ASCO offers treatment summary forms to help keep track of the cancer treatment you received and develop a survivorship care plan.

People treated for CML and in remission should receive lifelong follow-up examinations on a regular basis to watch for signs or symptoms of recurrence or late effects. People treated for CML are encouraged to follow established recommendations for good health, such as receiving regular immunizations, such as the flu vaccine, as well as not smoking, eating a balanced diet, maintaining a healthy weight, and receiving appropriate screening for other types of cancer. Learn more about the next steps to take in survivorship, including making positive lifestyle changes.

For many patients with CML, targeted therapy is an ongoing cancer treatment. Any decision to stop taking these drugs should be decided by a patient and doctor together, based on how well the drug continues to work and the side effects.

The next section offers a list of questions you may want to ask. Use the menu on the side of your screen to select Questions to Ask the Doctor, or you can select another section, to continue reading this guide.

Leukemia - Chronic Myeloid - CML - Questions to Ask the Doctor

This section has been reviewed and approved by the Cancer.Net Editorial Board, 08/2014

ON THIS PAGE: You will find some questions to ask your doctor or other members of your health care team, to help you better understand your diagnosis, treatment plan, and overall care. To see other pages, use the menu on the side of your screen.

Talking often with the doctor is important to make informed decisions about your health care. These suggested questions are a starting point to help you learn more about your care and treatment. You are also encouraged to ask additional questions that are important to you. You may want to print this list and bring it to your next appointment, or download Cancer.Net’s free mobile app for an e-list and other interactive tools to help manage your care.

  • What is my diagnosis?
  • Can you explain my pathology report (laboratory test results) to me?
  • What phase is the CML in?
  • Can you recommend a leukemia specialist?
  • Where is the best place for me to be treated?
  • What are my options for treatment?
  • What clinical trials are open to me? Where are they located, and how do I find out more about them?
  • What treatment plan do you recommend? Why?
  • What are the pros and cons of each option?
  • Am I a candidate for an ALLO stem cell transplantation, and when should it be considered?
  • What is the goal of each treatment? Is it to eliminate the leukemia, help me feel better, or both?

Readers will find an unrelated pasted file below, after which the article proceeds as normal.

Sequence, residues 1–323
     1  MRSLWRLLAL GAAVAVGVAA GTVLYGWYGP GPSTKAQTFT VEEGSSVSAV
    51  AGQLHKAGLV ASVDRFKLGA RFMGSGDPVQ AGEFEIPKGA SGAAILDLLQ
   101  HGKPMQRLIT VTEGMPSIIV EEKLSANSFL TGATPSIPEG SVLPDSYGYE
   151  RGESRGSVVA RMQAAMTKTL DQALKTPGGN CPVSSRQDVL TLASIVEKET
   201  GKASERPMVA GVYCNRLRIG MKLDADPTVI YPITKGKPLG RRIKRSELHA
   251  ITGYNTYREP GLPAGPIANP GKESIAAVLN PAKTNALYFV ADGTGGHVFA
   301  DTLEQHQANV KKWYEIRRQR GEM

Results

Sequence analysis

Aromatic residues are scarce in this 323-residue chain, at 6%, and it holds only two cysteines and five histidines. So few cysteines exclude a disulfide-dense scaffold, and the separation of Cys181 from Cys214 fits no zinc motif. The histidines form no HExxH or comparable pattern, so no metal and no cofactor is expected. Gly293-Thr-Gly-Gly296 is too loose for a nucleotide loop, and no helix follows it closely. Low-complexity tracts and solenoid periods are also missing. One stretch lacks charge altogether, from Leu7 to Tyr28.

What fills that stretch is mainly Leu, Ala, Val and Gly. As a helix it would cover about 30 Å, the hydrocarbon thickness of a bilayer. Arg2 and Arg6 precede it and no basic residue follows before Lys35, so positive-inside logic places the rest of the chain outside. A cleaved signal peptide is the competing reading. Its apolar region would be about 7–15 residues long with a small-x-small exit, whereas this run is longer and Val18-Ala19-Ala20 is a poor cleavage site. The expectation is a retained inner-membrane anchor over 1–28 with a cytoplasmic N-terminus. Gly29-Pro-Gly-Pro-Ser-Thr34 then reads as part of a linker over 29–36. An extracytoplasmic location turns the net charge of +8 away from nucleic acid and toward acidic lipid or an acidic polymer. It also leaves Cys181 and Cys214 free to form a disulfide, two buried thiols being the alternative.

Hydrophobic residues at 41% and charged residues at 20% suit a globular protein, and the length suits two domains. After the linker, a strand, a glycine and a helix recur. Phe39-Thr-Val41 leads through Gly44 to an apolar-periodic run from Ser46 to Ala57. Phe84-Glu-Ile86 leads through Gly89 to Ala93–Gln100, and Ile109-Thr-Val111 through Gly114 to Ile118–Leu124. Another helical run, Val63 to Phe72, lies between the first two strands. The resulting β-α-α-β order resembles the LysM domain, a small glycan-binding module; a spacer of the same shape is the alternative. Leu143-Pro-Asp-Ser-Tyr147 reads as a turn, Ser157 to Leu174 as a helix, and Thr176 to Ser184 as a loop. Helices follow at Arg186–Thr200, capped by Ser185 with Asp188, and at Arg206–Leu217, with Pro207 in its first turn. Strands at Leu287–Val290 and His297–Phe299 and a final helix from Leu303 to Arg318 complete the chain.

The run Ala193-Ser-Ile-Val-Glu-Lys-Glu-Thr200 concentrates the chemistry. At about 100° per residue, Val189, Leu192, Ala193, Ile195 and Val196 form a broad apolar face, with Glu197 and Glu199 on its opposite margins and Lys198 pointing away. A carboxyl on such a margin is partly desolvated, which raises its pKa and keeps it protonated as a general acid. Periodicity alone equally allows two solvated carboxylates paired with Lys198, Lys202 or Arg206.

• Do I need to start treatment right away?
  • Will the medicine for CML interfere with any of my other medications?
  • Who will be part of my health care team, and what does each member do?
  • Who will be coordinating my overall treatment and follow-up care?
  • What is my chance of remission and long-term benefit, including cure?
  • What are the possible side effects of this treatment, both in the short term and long term?
  • If I experience too many side effects, can I switch to a different treatment?
  • How will this treatment affect my daily life? Will I be able to work, exercise, and perform my usual activities?
  • Could this treatment affect my sex life? If so, how and for how long?
  • Can I stop TKI treatment to start a family? What if my partner and I conceive while I am taking a TKI?
  • What are the risks of trying to conceive a child while taking a TKI?
  • If I am worried about managing the costs related to my cancer care, who can help me with these concerns?
  • What support services are available to me? To my family?
  • Whom should I call for questions or problems?
  • How will the results of my treatment be monitored? What follow-up tests will I need, and how often will I need them?

The next section offers some more resources that may be helpful to you. Use the menu on the side of your screen to select Additional Resources, or you can select another section, to continue reading this guide.

Leukemia - Chronic Myeloid - CML - Additional Resources

This section has been reviewed and approved by the Cancer.Net Editorial Board, 08/2014

ON THIS PAGE: You will find some helpful links to other areas of Cancer.Net that provide information about cancer care and treatment. This is the final page of Cancer.Net’s Guide to Chronic Myeloid Leukemia. To go back and review other pages, use the menu on the side of your screen.

Cancer.Net includes many other sections about the medical and emotional aspects of cancer, both for the person diagnosed and their family members and friends. This website is meant to be a resource for you and your loved ones from the time of diagnosis, through treatment, and beyond. Here are a few sections that may get you started in exploring the rest of Cancer.Net:

- Search for a leukemia specialist in your local area using this free database of doctors from the American Society of Clinical Oncology.

- Review dictionary articles to help understand medical phrases and terms used in leukemia care and treatment.

- Read more about the first steps to take when newly diagnosed with leukemia.

- Find out more about clinical trials as a treatment option.

- Learn more about coping with the emotions that leukemia can bring, including those within a family or a relationship.

- Find a national, not-for-profit advocacy organization that may offer additional information, services, and support for people with this type of leukemia.

- Explore next steps a person can take after active treatment is complete.

This is the end of the Cancer.Net’s Guide to Chronic Myeloid Leukemia. Use the menu on the side of your screen to select another section to continue reading this guide.